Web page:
^ Which are WEEDS in my garden.  Bullying invasive WEEDS. 

†† I also had one of my moments of hilarity and decided to do the full soft-wood cuttings nonsense from an obstinate house plant that has refused to die, the gallant thing, but needed serious pruning when I repotted it.  Sometimes obstinate plants can be very obstinate and what the hell.  It’s only a pot, a plastic bag and some vermiculite.   To give it any chance at all, I used hormone rooting powder.  This is a story about egregiously bad design.  The pot of rooting powder—which was simply on the shelf in the store, it’s not like I did a customer comparison^ or anything—is wider than it is tall, possibly to make the whole show short enough to fit on an average shelf, since it has a dibber^^ built into the cap like a slightly distrait unicorn’s horn.  It also has a child-proof cap which is too wide to get your hand around to squeeze.  And I have big hands with long fingers.  I had to use the sticky-jar opener^^^ to get the frelling thing open.  The end of the dibber is also the lid, right?  Which means it’s also . . . never mind it’s too wide to get a proper grip on, you don’t need a proper grip to make holes in compost.  But because the lid is so frelling vast you’re busy destroying your previous hole, or knocking over your sad confused cutting, while you’re trying to make the next hole. . . .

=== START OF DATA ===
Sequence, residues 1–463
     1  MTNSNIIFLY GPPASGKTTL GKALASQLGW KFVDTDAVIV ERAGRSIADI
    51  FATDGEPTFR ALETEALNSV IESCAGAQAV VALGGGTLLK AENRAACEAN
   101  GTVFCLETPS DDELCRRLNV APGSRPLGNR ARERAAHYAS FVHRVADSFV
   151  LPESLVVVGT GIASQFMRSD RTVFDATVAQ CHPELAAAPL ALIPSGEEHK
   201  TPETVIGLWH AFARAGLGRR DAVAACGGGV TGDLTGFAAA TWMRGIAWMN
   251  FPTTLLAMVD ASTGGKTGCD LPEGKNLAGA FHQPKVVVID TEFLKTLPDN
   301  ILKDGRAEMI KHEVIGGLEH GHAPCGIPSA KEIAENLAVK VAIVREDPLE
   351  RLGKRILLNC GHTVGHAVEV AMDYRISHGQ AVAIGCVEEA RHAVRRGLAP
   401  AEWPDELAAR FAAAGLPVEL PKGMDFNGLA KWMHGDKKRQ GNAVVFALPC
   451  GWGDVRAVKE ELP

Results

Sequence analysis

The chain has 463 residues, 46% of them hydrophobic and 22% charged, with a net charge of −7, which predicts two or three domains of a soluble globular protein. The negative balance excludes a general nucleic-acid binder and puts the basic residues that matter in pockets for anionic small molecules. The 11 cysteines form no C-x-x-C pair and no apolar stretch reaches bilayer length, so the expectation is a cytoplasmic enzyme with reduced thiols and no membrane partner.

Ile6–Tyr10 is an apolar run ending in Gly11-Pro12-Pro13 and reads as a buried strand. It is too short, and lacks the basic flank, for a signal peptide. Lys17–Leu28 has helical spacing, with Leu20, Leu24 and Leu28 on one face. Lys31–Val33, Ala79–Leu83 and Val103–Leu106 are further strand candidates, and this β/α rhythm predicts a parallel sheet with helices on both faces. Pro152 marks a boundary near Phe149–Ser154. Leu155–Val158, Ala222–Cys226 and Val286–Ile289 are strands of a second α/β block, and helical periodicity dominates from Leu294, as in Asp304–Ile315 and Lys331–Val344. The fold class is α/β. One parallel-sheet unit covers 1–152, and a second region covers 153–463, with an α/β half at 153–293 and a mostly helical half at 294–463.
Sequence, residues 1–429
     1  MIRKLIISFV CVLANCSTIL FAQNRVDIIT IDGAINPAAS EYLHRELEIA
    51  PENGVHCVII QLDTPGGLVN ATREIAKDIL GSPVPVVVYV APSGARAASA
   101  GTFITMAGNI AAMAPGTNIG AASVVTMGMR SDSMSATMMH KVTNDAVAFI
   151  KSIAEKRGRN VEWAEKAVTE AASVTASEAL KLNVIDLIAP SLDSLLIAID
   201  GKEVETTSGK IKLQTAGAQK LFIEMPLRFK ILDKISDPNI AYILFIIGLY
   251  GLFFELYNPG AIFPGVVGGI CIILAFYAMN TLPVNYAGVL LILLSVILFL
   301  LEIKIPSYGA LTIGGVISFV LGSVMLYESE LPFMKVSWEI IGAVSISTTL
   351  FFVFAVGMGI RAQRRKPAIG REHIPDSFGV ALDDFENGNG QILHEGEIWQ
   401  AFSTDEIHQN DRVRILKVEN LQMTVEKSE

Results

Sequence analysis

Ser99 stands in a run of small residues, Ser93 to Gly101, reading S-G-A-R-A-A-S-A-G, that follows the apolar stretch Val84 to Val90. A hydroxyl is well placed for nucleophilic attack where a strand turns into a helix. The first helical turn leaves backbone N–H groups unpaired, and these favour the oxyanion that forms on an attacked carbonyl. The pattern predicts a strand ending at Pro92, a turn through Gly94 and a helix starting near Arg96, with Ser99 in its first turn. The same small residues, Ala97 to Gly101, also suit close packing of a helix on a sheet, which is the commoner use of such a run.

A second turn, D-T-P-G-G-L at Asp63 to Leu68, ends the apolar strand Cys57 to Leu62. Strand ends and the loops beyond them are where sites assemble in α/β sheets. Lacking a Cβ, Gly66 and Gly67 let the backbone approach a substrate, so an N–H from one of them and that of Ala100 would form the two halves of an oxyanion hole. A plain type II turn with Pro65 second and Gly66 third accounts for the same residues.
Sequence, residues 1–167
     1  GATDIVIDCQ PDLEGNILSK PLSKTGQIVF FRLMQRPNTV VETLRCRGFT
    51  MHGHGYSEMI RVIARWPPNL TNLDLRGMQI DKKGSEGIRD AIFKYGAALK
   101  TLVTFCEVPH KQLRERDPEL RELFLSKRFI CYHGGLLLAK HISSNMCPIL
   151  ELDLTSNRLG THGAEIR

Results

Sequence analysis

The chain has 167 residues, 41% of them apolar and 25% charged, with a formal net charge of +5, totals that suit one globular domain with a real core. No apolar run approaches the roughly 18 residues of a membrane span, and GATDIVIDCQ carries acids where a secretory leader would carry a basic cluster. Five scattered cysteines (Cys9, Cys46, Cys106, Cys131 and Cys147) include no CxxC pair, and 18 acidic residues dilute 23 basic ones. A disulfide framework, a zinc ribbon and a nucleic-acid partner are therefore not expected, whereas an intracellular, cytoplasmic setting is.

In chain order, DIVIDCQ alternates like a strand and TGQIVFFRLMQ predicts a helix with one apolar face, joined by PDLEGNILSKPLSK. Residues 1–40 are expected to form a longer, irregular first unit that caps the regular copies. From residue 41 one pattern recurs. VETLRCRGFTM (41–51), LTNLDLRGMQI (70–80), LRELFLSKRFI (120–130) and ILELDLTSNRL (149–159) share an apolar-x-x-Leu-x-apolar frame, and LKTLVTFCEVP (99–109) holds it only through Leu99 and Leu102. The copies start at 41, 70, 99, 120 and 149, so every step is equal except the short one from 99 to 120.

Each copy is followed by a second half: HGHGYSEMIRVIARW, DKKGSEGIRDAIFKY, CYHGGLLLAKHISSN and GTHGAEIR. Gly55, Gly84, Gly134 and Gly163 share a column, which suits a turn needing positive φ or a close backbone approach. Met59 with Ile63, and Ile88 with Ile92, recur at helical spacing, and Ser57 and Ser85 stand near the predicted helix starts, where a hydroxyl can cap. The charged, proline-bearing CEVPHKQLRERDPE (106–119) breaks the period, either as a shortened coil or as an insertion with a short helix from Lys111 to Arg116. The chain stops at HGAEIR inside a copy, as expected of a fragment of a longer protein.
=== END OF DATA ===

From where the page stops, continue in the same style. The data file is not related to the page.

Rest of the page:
^ I save that colossal time-suck for things like electric blankets.  I think I mentioned that mine died a few days ago.  I was hoping the frosty nights were over for the year.  

^^ Or dibble.  A long pointy thing that makes holes in the ground/compost for you to put seeds or cuttings in. 

^^^ I have the vicious-with-teeth variety, none of these wussy rubber rings. 

††† Muttering to myself, as I have been doing for seven years now, about getting the frelling shed wired.  Which would be dangerous for a lot of reasons, none of them to do with electrocution.^ 

^ What do you mean it’s midnight and neither I nor the hellhounds have had dinner yet?+ 

+ Nor written the blog?

# If hellhounds would like to try, they are welcome. 

‡ One genuine, one fraudulent.  

‡‡ There have been little faces at the kitchen door increasingly often for the last hour or two. . . .